Under the pressure of the masses, the 1927 Madras session of the Congress set the independence of India as its goal but the very next year in the Calcutta conference of the Congress, Gandhi sabotaged this demand with the passage of a resolution which demanded dominion home rule instead of out right independence within a year. When the British did not concede this, the Congress ‘declared war’ on the English in the December 1929 meeting of the Congress in Lahore. This ‘war’ manifested in the form of Gandhi’s campaign against the salt monopoly and boycott of English goods.
The masses enthusiastically joined this Gandhian ‘war’ by organising huge strikes in Bombay and Karachi, and by seizing the factory town of Sholapur.
In the accompanying revolt in the NWFP, when the peasants seized the garrison city of Peshawar in which the Garwahli Rifles fraternised with the protesters, Gandhi denounced all these efforts as ‘violent acts’. This provided a breather to the British who in turn saved Gandhi’s face by putting him behind the bars. The ‘Mahatma’ enjoyed his ‘rest periods’ in the jail because in addition to special servants, his prison suite consisted of three rooms with a garden. In the comfort of this imprisonment, he leisurely negotiated with Viceroy Lord Irwin and betrayed the cause of the people by calling off the Civil Disobedience Movement and agreeing to attend the second Round Table conference in London. To cover up Gandhi’s surrender to the British, Jawaharlal Nehru argued that Gandhi’s agreement with Irwin was ‘not peace but an armistice’.
The British gained much more than the appeasing ‘Mahatma’. Gandhi gave the appearance of having won the concessions to gather salt off the seashore in small limited quantities and the return of the confiscated property of better-off landowners but the British government secured the calling-off of the boycott of the English goods that had been causing serious damage to British capitalism.
While on one hand, Gandhi was hailed as the messiah working for the betterment of the downtrodden; on the other hand, he remained completely unmindful to the pathetic plight of the working class in Ahmedabad – the home of Gandhism. Over there, 92 percent of the houses were one-roomed, unsanitary, ill-ventilated, with inadequate water supplies and latrine accommodation entirely wanting. The question arises that why didn’t he fight for their welfare? Simply because that would have brought him in conflict with the mill-owners of Ahmedabad, who were the main source of his funds. Instead of creating awareness about the class conflict in the society, Gandhi preached docility and collaboration:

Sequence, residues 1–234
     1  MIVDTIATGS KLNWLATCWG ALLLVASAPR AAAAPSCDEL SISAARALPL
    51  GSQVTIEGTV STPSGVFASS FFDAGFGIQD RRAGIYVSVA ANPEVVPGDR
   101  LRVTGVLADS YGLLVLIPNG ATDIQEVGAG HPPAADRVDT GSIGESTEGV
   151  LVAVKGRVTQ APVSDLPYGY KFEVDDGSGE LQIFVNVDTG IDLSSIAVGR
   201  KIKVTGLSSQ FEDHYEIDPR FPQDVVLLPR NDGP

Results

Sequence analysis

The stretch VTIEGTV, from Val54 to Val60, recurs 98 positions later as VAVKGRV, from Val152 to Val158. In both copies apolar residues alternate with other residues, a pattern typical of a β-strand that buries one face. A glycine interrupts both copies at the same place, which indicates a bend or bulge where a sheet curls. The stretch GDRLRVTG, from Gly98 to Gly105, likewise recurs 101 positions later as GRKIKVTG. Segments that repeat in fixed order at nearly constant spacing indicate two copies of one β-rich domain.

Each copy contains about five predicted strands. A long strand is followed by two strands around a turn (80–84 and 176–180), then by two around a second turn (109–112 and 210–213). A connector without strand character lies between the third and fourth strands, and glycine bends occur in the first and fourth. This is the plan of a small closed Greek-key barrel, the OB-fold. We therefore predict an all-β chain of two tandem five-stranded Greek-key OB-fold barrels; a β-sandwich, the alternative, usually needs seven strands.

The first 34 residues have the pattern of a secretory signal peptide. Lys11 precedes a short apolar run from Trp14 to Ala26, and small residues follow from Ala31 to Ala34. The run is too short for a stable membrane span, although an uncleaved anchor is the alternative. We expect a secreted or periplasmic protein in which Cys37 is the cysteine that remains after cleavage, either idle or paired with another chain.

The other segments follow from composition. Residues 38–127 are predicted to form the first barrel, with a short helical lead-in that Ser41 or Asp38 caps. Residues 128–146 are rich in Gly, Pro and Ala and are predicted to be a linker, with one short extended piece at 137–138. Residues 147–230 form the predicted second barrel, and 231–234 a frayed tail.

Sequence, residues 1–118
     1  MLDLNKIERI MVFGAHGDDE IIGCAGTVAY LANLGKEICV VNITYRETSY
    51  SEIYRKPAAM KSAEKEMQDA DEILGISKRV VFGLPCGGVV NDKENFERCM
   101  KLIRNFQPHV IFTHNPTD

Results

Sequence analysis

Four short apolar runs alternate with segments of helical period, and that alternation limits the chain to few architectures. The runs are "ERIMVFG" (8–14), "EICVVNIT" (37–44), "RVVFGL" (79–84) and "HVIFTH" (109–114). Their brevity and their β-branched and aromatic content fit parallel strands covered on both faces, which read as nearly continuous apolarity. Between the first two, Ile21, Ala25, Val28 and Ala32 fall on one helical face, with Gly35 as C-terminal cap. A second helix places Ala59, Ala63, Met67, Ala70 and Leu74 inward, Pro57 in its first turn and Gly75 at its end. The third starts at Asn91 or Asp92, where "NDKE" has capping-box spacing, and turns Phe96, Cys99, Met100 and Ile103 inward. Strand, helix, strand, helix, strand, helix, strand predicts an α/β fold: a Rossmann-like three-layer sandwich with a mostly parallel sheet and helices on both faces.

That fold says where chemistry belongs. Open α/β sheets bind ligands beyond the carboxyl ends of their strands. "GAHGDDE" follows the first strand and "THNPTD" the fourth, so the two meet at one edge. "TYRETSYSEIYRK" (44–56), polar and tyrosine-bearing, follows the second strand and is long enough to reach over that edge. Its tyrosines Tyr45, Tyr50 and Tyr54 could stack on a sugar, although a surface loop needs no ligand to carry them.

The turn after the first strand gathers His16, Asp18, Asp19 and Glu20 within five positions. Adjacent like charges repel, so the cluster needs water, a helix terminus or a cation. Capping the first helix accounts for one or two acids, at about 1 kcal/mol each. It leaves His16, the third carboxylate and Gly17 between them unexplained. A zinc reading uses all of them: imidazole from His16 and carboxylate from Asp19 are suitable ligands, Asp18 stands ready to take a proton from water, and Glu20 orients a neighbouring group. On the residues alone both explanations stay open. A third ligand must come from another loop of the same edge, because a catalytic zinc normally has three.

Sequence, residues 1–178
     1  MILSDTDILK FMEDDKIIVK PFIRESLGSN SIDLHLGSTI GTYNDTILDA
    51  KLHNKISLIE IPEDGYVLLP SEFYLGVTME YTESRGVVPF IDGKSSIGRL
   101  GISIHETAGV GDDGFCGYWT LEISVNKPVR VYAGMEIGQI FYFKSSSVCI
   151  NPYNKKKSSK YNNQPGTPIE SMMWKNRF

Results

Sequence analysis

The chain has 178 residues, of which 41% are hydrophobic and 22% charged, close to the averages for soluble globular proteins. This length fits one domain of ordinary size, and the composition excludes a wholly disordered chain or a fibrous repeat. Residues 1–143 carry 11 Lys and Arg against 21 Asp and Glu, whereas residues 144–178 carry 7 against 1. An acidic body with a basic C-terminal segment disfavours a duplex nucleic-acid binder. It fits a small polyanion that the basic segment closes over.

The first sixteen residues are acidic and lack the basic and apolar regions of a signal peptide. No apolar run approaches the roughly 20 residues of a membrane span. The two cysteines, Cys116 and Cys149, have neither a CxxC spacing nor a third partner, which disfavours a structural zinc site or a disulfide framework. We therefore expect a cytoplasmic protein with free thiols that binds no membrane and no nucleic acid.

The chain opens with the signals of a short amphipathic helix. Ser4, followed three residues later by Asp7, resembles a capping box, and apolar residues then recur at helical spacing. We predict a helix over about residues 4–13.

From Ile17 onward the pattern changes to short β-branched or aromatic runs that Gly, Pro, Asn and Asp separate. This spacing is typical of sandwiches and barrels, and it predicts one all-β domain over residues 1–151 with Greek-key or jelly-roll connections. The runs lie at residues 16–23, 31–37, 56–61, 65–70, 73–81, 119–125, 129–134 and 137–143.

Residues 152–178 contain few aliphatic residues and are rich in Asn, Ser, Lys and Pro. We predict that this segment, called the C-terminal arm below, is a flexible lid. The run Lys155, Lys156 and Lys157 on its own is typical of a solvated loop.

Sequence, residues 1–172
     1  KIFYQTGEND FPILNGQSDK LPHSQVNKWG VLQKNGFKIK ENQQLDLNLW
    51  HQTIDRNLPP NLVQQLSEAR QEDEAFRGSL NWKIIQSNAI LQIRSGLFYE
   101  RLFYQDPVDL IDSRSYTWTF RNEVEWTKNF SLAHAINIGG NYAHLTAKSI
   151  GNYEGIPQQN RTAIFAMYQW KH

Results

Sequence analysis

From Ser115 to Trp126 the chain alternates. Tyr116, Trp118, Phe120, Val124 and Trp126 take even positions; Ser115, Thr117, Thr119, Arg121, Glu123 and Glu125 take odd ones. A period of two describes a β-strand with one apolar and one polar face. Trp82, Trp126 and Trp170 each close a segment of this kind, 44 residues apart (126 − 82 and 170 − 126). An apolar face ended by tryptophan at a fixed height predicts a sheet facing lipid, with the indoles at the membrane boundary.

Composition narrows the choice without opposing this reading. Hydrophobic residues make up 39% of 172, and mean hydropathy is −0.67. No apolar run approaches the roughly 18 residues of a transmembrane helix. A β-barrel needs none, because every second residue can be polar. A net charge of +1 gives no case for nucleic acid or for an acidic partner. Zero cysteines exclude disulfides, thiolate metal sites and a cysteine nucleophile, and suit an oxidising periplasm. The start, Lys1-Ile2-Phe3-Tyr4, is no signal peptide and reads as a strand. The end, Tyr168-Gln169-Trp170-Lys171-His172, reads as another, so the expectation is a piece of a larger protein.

“While the poor man must strive to improve his condition, let him not hate the ruler and wish his destruction. He must not want ruler ship for himself, but remain content by earning his own wants. This condition of mutual cooperation and help is the Swaraj of my conception.” If the Indians remained subjugated for two centuries, it is because they had collaborators like Gandhi in abundance who did not wish the ‘destruction’ of the Raj and preached people not to ‘hate’ the rulers. E-mail: firstname.lastname@example.org
Gandhi’s racism: The truth behind the mask. Behold Sergeant-Major Gandhi who supported the British during the Boer War and Zulu Rebellion. Behold the prophet of peace who worked to stratify the society in South Africa, Whites, Indians and Blacks based on the Hindu Caste system. Behold the “Enlightened One” that supported the British effort in World War one, and packed off thousands to the war effort to be used as cannon-fodder. Behold the pacifist that sent thousands to kill millions. Behold the “mahatma” that supported the British in World War 2 and encouraged the Indians to support the British war, thus perpetuating the colonial rule in the Subcontinent and supporting the Empire.
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Seargent Major Mohandas Karamchand Gandhi